An aide to the former Afghan king, Mohammad Zahir Shah, warned that Afghanistan was threatened with a return to the past. The presence in Kabul of the Northern Alliance, which is made up of the three main minority groups, was a poor beginning for a new Afghanistan, said the aide, Abdul Sirat.
"People should elect their leadership and decide the current situation instead of reimposing themselves on them," Mr. Sirat said, "particularly in view of the fact we have gone through this experience more than once and every time it has proved a failure."
The records of the warlords vary, but all have one thing in common: they fled the better-organized, better-financed Taliban, who picked them off one by one from 1994 to 1996. In one case, in Kandahar, the warlord Mullah Naquib received a reward from the Taliban for handing over his fighters and his weapons without a struggle when the Taliban swept into the city in November 1994.
Mullah Naquib was named by Mullah Omar late last week as one of two commanders he planned to pass power to before fleeing to the hills to carry out guerrilla warfare. Many Afghans expect that when Kandahar finally falls and the Taliban leave, Mullah Naquib will emerge as the new leader.
In Jalalabad, a strategically important city south of Kabul, Hajji Abdul Qadir was a governor from 1992 to 1996 when he allowed Osama bin Laden to stay in the area after his return from Sudan. Mr. Qadir has emerged as the new governor of Jalalabad in the last two days; it is perhaps too soon to judge whether he will survive or not.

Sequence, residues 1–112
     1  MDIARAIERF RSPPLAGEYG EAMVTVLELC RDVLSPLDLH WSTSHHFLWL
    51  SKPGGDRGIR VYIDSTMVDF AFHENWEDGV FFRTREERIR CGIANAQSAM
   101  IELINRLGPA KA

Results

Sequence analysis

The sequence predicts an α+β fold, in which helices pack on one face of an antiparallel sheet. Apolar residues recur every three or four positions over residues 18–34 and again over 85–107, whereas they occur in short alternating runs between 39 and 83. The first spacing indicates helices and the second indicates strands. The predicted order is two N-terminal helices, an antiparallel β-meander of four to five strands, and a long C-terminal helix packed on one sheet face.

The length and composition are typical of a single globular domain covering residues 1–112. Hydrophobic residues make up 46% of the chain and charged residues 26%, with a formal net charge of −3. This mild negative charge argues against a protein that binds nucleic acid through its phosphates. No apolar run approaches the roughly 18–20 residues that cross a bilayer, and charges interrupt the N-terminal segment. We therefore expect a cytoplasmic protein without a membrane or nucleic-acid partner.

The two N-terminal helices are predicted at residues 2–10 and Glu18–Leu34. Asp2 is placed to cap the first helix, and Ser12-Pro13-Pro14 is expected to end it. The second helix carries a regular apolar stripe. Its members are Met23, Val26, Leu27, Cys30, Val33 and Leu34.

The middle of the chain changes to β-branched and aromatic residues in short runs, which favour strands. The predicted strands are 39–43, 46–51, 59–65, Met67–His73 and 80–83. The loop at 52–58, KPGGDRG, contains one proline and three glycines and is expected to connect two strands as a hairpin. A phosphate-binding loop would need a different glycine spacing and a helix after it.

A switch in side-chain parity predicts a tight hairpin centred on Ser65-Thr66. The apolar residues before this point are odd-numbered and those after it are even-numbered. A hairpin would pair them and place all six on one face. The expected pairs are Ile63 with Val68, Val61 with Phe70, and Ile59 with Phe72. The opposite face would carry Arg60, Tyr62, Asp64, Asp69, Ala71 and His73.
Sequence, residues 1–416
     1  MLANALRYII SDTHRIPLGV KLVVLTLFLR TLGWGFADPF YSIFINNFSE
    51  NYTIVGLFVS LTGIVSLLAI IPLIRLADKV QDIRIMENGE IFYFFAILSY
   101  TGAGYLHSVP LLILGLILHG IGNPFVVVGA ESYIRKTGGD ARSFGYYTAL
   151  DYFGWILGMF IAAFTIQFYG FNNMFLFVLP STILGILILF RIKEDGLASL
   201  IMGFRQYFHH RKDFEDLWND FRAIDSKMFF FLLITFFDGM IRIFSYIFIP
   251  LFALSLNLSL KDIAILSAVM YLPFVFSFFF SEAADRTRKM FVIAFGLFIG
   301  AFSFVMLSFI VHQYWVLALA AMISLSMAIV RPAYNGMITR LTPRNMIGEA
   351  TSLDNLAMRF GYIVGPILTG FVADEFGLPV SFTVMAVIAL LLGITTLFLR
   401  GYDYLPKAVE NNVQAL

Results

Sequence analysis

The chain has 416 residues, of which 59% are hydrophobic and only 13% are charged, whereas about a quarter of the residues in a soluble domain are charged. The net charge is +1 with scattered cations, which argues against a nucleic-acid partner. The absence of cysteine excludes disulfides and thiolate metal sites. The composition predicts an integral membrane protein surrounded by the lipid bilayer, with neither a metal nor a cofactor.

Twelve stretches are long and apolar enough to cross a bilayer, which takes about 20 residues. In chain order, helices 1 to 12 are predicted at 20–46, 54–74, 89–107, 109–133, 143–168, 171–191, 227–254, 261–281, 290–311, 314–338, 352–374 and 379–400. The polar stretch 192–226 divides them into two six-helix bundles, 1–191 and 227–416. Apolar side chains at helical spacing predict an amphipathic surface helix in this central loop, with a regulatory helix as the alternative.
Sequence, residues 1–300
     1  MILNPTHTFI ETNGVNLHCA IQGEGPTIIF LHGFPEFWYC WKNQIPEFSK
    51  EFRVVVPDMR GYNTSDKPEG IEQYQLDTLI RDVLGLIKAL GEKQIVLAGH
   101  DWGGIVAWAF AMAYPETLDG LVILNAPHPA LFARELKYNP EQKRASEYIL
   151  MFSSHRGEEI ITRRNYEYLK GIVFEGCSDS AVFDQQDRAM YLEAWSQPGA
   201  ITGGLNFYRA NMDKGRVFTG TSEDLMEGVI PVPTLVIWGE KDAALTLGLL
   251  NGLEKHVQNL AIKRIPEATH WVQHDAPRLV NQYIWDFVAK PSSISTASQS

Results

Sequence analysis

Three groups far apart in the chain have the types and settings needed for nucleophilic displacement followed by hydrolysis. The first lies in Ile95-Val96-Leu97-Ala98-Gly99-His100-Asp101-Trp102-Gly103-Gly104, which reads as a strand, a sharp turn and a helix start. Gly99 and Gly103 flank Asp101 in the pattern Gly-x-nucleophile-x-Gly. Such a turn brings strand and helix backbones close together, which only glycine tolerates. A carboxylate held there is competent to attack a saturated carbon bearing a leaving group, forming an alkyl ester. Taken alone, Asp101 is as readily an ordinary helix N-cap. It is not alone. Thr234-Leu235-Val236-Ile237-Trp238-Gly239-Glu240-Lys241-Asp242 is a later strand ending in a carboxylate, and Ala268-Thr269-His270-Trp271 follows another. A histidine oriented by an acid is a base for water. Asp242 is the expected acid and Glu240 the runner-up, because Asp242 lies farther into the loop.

But Mr. Qadir could turn out to be an important player if ethnic groups come together in a coalition government.
Mr. Qadir is from the Pashtun ethnic group, which dominates in the south, but he is also a member of the Northern Alliance. He could conceivably act as a bridge between the south and the alliance if the diplomats can help organize a broad- based government.
In Mazar-i-Sharif, once a busy trading stop on the old Silk Road, General Dostum has taken up the post he vacated when the Taliban chased him out of the city in 1997. He has allied himself with almost every Afghan leader of the last 20 years, including the Taliban, and is known for his particularly brutal behavior towards soldiers and civilians.
General Dostum comes from the Uzbek ethnic group, and in the early 1990's he was used by Uzbekistan, Russia and Iran as a secular alternative to the religious fundamentalism of the Taliban.
In Herat, Ismail Khan was greeted on his return last week as a favorite son, and as the man residents had been waiting for the last seven years. He is considered a more liberal warlord, perhaps because he has ensured that the antiquities of his ancient city are not exported and because he has always encouraged the education of girls and women.
One of the more surprising returns would be that of Mr. Hekmatyar to Afghanistan. Perhaps the most brutal of a generally brutal group, Mr. Hekmatyar retreated to the hills of Kabul in 1994 after a feud with its rulers and then went about trying to systematically destroy the city. By the end of 1994, his indiscriminate bombing of Kabul destroyed about half the city and killed an estimated 25,000 people.
One of the goals of Mr. Hekmatyar then was to discourage a unified capital and to ensure that the city was divided up into small fiefs. He would be expected to continue that policy no matter where he returned to in Afghanistan.